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Re: Why HTML should be taught as HTML without pretending it is XML

From: Thomas Broyer <t.broyer@gmail.com>
Date: Sat, 21 Jul 2007 19:24:18 +0200
Message-ID: <a9699fd20707211024u60d7deb7jb3515a652ecf3354@mail.gmail.com>
To: public-html@w3.org

2007/7/21, Terry Morris:
> At this point I believe it is up to the W3C to follow this groundswell push
> for standards and stricter coding. I've been personally dismayed by the
> posts on this list suggesting that old-style coding will be preferred in
> HTML5.

In text/html yes, but you have the choice to use XHTML5
(application/xhtml+xml) if you prefer XML's strictness.

> I teach community college web development courses. We cover XHTML
> (Transitional 1.0) and CSS. Students are required to write code that passes
> W3C XHTML and CSS validators. This structure and attention to detail serves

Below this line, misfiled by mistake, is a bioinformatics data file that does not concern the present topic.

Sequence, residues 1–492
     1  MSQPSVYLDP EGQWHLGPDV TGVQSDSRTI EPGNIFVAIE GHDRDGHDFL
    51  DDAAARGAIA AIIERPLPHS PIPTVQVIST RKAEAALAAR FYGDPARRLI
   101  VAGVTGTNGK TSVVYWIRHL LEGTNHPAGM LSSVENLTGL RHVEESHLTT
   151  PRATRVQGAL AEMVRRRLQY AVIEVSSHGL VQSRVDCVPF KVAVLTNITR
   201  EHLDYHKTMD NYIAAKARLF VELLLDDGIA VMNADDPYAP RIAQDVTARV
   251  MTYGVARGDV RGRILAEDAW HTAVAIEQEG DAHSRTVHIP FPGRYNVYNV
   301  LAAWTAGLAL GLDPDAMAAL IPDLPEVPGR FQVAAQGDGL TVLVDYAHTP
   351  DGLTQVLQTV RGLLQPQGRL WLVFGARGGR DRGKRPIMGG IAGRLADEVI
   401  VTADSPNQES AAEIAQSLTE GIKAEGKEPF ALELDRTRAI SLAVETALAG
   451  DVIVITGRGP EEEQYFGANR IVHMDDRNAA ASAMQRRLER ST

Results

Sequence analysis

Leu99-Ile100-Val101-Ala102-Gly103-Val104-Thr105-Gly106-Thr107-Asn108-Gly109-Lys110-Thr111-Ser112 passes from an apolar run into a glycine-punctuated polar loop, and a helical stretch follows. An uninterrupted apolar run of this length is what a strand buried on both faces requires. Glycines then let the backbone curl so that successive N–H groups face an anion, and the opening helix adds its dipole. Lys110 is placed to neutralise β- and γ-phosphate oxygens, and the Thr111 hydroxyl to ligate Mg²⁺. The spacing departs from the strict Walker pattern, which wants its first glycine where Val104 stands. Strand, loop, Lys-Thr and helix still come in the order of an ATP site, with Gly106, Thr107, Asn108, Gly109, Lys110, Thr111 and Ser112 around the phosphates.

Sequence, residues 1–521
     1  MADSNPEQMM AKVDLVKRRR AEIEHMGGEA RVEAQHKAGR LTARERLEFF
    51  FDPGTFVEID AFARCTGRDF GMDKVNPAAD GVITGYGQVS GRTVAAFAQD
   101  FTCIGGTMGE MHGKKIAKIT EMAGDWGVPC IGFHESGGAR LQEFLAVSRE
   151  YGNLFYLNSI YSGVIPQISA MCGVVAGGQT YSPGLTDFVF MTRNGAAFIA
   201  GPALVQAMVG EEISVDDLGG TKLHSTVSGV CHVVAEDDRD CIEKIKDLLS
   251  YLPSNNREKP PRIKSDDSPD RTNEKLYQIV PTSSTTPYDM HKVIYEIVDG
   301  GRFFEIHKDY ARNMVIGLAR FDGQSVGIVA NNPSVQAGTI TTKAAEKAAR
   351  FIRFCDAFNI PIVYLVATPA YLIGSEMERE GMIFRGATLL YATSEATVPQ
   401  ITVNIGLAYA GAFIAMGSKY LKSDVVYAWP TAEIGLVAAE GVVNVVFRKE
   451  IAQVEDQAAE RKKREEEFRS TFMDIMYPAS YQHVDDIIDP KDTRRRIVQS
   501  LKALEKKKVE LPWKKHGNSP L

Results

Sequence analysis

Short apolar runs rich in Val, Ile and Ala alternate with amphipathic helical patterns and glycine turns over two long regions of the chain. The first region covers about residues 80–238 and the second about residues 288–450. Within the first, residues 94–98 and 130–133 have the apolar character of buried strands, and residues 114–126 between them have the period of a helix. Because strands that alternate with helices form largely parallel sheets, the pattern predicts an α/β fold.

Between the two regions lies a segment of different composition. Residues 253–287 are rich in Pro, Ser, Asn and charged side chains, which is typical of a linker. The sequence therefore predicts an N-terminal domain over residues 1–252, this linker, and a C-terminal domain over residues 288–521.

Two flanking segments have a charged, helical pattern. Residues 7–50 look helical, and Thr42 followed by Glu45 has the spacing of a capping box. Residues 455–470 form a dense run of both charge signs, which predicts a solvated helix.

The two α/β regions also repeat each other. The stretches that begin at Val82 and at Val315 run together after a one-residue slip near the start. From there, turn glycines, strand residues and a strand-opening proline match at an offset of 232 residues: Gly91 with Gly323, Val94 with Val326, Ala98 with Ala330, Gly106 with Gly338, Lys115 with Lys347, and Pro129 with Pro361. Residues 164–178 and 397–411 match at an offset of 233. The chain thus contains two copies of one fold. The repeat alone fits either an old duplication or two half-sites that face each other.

> them well as they continue in later courses and learn JavaScript and
> server-side scripting.

You'd just have to teach XHTML5. But if you don't teach them XML (i.e.
you're teaching them "XHTML 1.0 Appendix C" [1], then you're lying to
your students: you're not teaching them XHTML, you're teaching them a
"buggy HTML 4" that looks like XHTML.

> It's my hope that the W3C's work with HTML5 will support coding standards
> for web authors.

In the HTML5's text/html serialization, trailing slashes in void
element's start tag are allowed (to make that "buggy HTML 4 that looks
like XHTML" [1] valid, by allowing void element's start tag to look
like XML's EmptyElemTag [2]).

...so you could continue to teach your students the same coding
standards / guidelines and now really be teaching them valid HTML ;-)

[1] http://www.w3.org/TR/xhtml1/#guidelines
[2] http://www.w3.org/TR/REC-xml/#NT-EmptyElemTag

-- 
Thomas Broyer
Received on Saturday, 21 July 2007 17:24:27 GMT

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